Caring for Christine

Caring for Christine

Christine – who used to be a keen sea swimmer – received care on Martlets’ inpatient unit. She talks about the various ways our staff have offered support.

“I’m getting amazing care here at Martlets, wonderful food, and the kindness and compassion from staff is just fantastic. I was being cared for at home but the pain from my cancer had become excruciating. I’m so thankful to be on the inpatient unit while they stabilise my medication. It may be that I stay here now for the time I have left.

Christine sea swimmer

When the night staff come in to help me wash my face and clean my teeth they’ll pull up a chair and sit and chat. It’s a kind of unofficial counselling and I really appreciate it as nighttime can feel particularly lonely.

We’ll chat about everything and there’s one lovely lady who’s trained as a death doula. She knows just what to say and it makes such a difference. It was difficult to overcome the loneliness at home. Even though my two wonderful daughters were doing as much as they possibly could to look after me, they’ve got full-time work and families. It’s hard to describe the kind of loneliness that comes up when you have a terminal illness. Martlets have helped me to overcome that, because it’s just lovely knowing there are always people around who will come and talk about whatever’s on my mind. So, any fear of loneliness goes completely.

I recently had a very bad night and so much fear came up, but two nurses were able to come in individually and sit and talk with me. That presence of someone holding my hand and calming me down was so reassuring. Whether it’s big things or small things, they are always there making life better.

I love sea swimming and was telling the nurses that and how much I miss being in the water. One of them said she would bring in a virtual reality (VR) headset so that I could experience swimming underwater with all sorts of sea creatures.

Apparently, when you put the VR headset on it’s as if you’re in a totally different environment. It’s another example of the lengths the staff go to find out what really matters to us as patients and then doing what they can to support that.

I also had a visit from Martlets’ ambassador Norman Cook (aka Fatboy Slim) and he read me some poetry on Valentine’s Day. That was such a lovely surprise and really made my day!

Christine, Staff and Norman Cook in our IPU

As well as the nurses, I’ve also talked to the chaplain and had some interesting conversations. Suddenly, you realise that ultimately the experience of leaving this world will be one that you go through alone, even if you have loved ones around you. I was brought up as a Christian but I find all religions fascinating. I feel that if you look at the philosophy it’s all the same truth at the centre.

Really though it’s been yoga that has become my support, and I was a yoga teacher for many years. There can be a spiritual aspect to yoga, it depends how far you want to go with the practice. That’s become my one path and it’s been in my life since 1972. Although I can’t manage the postures physically anymore, I still do them in my mind. The power of the mind is amazing, and I still do the breathing exercises. I’ve always described yoga as my best friend. I’ve practised it through various stages of my life; it’s seen me through some difficult times and it’s still helping me now tremendously.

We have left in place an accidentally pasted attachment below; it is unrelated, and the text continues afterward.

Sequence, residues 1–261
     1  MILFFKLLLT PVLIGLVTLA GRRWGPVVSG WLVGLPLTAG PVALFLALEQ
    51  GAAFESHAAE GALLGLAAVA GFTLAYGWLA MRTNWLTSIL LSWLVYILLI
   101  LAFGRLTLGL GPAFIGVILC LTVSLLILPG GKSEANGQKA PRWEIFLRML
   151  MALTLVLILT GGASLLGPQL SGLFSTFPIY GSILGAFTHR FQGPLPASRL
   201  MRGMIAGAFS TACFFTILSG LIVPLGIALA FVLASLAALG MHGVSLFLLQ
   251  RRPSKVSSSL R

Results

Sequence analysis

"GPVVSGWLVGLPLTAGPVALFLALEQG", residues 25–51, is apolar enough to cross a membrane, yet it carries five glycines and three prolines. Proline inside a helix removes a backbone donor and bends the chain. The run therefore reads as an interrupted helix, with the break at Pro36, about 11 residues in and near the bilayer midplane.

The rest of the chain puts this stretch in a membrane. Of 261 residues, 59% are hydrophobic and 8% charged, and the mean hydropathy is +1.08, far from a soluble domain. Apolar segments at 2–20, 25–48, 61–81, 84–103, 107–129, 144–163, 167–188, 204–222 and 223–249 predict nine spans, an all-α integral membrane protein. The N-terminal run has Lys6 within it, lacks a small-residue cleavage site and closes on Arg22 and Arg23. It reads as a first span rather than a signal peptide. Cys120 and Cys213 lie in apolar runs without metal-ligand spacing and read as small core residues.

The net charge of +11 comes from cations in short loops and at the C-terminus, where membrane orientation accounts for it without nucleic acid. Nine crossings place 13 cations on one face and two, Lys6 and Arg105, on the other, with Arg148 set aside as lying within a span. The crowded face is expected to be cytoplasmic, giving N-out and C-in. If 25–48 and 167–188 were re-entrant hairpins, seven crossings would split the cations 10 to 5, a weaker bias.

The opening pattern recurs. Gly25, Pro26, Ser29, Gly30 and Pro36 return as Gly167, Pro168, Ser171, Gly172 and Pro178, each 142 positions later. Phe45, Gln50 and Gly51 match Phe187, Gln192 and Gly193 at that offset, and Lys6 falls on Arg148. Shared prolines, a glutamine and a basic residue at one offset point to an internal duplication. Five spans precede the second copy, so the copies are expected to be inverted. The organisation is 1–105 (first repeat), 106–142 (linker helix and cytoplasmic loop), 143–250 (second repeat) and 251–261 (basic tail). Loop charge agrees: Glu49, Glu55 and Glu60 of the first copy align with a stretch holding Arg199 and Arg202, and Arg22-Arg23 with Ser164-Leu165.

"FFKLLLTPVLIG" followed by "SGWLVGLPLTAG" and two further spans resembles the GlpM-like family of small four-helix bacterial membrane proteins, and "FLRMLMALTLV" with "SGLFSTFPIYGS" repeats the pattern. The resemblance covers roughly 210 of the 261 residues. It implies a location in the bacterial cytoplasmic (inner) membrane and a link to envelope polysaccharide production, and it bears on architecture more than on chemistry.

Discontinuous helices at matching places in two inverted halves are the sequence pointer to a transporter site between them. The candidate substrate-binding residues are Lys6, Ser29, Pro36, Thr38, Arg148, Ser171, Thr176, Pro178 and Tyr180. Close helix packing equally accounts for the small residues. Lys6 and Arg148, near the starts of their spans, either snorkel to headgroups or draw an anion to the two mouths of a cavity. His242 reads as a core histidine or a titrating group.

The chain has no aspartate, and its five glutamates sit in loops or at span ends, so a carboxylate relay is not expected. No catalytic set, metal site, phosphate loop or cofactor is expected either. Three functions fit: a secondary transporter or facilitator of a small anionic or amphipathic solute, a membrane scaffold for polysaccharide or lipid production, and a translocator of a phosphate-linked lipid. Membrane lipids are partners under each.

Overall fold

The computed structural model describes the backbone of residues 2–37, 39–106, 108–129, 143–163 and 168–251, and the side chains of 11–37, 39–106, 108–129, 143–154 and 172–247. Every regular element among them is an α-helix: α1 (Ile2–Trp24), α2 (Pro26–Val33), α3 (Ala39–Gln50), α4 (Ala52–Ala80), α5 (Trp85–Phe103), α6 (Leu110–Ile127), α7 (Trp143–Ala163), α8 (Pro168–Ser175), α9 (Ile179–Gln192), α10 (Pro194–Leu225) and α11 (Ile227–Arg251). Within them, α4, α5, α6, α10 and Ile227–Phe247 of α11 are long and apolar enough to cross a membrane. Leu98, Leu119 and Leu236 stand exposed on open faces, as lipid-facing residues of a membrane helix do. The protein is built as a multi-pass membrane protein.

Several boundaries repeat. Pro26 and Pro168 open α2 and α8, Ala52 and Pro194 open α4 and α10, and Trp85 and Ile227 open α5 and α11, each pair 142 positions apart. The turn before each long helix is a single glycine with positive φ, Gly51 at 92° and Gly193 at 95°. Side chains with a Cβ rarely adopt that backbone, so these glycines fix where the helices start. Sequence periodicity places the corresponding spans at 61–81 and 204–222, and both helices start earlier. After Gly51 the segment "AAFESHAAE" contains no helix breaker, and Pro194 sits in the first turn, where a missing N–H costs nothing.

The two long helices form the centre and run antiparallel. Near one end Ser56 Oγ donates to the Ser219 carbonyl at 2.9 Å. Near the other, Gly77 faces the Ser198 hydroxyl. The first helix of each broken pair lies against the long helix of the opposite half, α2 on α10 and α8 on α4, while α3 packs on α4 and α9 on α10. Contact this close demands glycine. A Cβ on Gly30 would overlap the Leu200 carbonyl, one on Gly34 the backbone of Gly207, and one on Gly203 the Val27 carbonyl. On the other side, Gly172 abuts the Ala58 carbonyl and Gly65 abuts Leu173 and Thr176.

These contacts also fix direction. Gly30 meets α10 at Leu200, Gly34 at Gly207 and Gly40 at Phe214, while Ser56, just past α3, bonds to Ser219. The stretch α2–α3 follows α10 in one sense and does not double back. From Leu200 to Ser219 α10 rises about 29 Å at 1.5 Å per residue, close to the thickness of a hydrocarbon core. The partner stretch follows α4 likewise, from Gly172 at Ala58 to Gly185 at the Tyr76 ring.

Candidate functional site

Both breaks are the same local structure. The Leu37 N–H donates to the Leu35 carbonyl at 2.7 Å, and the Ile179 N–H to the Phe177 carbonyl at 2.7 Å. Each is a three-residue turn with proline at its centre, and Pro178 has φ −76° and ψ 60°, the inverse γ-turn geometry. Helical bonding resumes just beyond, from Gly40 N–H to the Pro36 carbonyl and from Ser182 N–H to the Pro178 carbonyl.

The Martlets team knew that bringing me in was the right thing at just the right time. It has given my family so much reassurance. Martlets are not only caring for me, there are counsellors and a welfare team on hand if my family need them.

Until I was 71, I was fit and healthy. But then I was given a cancer diagnosis and now at 74 I’ve had several fractures in my spine and been in a lot of pain. I had a scan from my neck right down to my tailbone and it showed the cancer was in my liver and my bones. I was told by my oncologist that I had up to six months to live. It was a shock as I had been so healthy, but I feel lucky that I’ve had a wonderful life. I know I’m in good hands here at Martlets.

To begin with I was doing all right at home and my daughters were looking after me and things were ticking along. But then around Christmas I was becoming more bedridden. After one last blast of radiotherapy I went downhill and was in a lot of pain. The community team at Martlets were supporting me at home. However, they felt that coming in would be the best way to stabilise things. When the pain kicks in, I need help immediately.

I’ve got quite a little gang of a family; they all came pouring into the hospice last Thursday as two had just come back from Cape Town where they had been on holiday. My granddaughter came in from Amsterdam, and my other granddaughters arrived too. I’ve made a donation to Martlets and the family are all saying that they’ll be finding ways to fundraise in the months to come which is good to hear.

It may sound strange, but despite the situation I’m not unhappy. I’m very content with all my lovely memories and my family around me. And I know the staff here will do as much as they can to help me live well absolutely to the end.”

Christine died peacefully on our inpatient unit in February 2023. Our thoughts are with her loved ones, and we thank them for kindly giving their permission for us to publish this blog in her memory. The family have set up a tribute page for Christine which has already raised £1,000 for Martlets and also intend to make a further donation.

Please consider supporting other local families affected by terminal illness by making a donation, or fundraising or volunteering for us. Together, we’ll help keep Martlets caring.